REGULATION OF SOLUTE CARRIERS OCT2 AND OAT1/3 IN THE KIDNEY: A PHYLOGENETIC, ONTOGENETIC, AND CELL DYNAMIC PERSPECTIVE

Carla Pou Casellas, Katja Jansen, Maarten B. Rookmaaker, Hans Clevers, Marianne C. Verhaar, Rosalinde Masereeuw

Research output: Contribution to journalReview articlepeer-review

13 Citations (Scopus)

Abstract

Over the course of more than 500 million years, the kidneys have undergone a remarkable evolution from primitive nephric tubes to intricate filtration-reabsorption systems that maintain homeostasis and remove metabolic end products from the body. The evolutionarily conserved solute carriers organic cation transporter 2 (OCT2) and organic anion transporters 1 and 3 (OAT1/3) coordinate the active secretion of a broad range of endogenous and exogenous substances, many of which accumulate in the blood of patients with kidney failure despite dialysis. Harnessing OCT2 and OAT1/3 through functional preservation or regeneration could alleviate the progression of kidney disease. Additionally, it would improve current in vitro test models that lose their expression in culture. With this review, we explore OCT2 and OAT1/3 regulation from different perspectives: phylogenetic, ontogenetic, and cell dynamic. Our aim is to identify possible molecular targets both to help prevent or compen-sate for the loss of transport activity in patients with kidney disease and to enable endogenous OCT2 and OAT1/3 induction in vitro in order to develop better models for drug development.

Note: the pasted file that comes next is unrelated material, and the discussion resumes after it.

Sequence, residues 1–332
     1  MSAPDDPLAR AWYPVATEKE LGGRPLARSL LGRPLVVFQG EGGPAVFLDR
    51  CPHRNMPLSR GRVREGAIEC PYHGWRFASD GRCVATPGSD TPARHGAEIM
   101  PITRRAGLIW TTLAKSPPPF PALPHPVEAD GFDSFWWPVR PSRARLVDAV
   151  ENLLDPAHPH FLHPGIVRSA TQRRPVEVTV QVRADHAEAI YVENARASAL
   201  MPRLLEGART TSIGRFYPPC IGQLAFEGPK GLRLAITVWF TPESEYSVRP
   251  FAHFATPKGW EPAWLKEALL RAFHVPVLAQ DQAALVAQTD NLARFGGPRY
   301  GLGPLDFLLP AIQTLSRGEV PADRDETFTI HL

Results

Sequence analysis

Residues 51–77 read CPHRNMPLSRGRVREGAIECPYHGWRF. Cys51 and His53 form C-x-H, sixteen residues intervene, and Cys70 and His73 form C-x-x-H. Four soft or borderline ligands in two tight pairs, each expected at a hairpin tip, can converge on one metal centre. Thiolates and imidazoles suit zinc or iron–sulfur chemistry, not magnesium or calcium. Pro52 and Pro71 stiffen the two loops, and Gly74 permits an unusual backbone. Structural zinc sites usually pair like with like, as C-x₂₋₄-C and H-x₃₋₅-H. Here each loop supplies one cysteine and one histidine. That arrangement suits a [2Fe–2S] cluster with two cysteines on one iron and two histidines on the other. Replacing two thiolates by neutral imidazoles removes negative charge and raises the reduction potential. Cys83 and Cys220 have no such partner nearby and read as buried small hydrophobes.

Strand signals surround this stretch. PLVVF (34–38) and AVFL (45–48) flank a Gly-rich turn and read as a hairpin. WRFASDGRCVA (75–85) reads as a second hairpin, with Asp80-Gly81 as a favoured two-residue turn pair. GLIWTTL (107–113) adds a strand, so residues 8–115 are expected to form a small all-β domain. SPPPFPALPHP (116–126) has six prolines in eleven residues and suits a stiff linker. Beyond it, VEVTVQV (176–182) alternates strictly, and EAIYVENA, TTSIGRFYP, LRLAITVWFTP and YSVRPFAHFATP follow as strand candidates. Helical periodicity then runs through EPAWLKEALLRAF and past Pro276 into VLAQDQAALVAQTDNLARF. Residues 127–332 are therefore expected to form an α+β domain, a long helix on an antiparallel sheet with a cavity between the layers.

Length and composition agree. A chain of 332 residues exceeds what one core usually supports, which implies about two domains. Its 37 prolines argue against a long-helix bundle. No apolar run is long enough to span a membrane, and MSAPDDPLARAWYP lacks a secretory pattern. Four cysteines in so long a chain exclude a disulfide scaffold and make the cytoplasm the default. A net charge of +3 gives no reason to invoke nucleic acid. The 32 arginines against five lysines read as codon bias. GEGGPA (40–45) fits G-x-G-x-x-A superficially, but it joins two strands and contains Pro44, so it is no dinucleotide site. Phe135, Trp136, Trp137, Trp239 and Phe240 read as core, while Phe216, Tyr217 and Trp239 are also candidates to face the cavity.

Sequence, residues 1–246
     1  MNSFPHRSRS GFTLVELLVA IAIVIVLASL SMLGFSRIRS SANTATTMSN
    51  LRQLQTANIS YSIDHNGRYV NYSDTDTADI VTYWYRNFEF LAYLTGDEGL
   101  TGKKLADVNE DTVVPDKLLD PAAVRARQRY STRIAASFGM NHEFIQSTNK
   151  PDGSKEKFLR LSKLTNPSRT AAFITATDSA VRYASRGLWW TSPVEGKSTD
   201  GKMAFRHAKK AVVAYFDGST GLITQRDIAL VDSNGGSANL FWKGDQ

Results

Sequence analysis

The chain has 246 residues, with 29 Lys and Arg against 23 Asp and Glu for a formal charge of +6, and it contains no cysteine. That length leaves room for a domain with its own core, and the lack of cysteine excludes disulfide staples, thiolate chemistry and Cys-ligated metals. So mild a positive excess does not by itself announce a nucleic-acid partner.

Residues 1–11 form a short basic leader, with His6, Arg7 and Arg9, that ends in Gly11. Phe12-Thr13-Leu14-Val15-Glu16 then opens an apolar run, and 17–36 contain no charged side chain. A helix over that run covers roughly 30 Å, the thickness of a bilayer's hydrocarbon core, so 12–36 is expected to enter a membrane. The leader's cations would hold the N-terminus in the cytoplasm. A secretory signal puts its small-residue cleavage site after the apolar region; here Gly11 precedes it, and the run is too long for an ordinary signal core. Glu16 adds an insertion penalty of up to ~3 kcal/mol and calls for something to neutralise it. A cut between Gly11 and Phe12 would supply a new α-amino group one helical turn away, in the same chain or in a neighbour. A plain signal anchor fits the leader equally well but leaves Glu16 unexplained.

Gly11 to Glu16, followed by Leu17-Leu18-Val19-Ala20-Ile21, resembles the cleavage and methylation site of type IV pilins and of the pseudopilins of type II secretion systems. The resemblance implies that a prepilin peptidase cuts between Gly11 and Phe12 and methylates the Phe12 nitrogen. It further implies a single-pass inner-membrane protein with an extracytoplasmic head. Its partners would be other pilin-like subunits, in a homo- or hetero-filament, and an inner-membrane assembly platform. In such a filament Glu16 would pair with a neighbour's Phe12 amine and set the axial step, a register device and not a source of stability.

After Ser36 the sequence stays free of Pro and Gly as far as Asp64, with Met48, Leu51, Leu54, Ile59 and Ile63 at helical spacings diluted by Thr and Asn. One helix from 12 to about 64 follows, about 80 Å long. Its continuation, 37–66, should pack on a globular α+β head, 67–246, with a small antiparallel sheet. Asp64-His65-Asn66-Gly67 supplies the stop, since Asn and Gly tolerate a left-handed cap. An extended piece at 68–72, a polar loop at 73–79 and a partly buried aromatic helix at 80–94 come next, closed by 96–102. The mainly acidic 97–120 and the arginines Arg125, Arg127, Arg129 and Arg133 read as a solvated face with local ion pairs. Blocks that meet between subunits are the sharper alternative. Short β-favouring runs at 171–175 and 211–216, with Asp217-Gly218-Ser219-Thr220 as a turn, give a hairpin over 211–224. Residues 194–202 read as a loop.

Original languageEnglish
Pages (from-to)993-1024
Number of pages32
JournalPhysiological Reviews
Volume102
Issue number2
DOIs
Publication statusPublished - 1 Apr 2022
Externally publishedYes

Keywords

  • Active secretion
  • Evolution
  • Kidney disease
  • Nephrogenesis
  • Nephrology
  • Organic anion transporter
  • Organic cation transporter
  • Proximal tubule
  • Regenerative medicine
  • Humans
  • Organic Anion Transport Protein 1/metabolism
  • Kidney Diseases/metabolism
  • Phylogeny
  • Kidney/metabolism
  • Organic Anion Transporters, Sodium-Independent/metabolism
  • Animals
  • Organic Cation Transporter 2/metabolism

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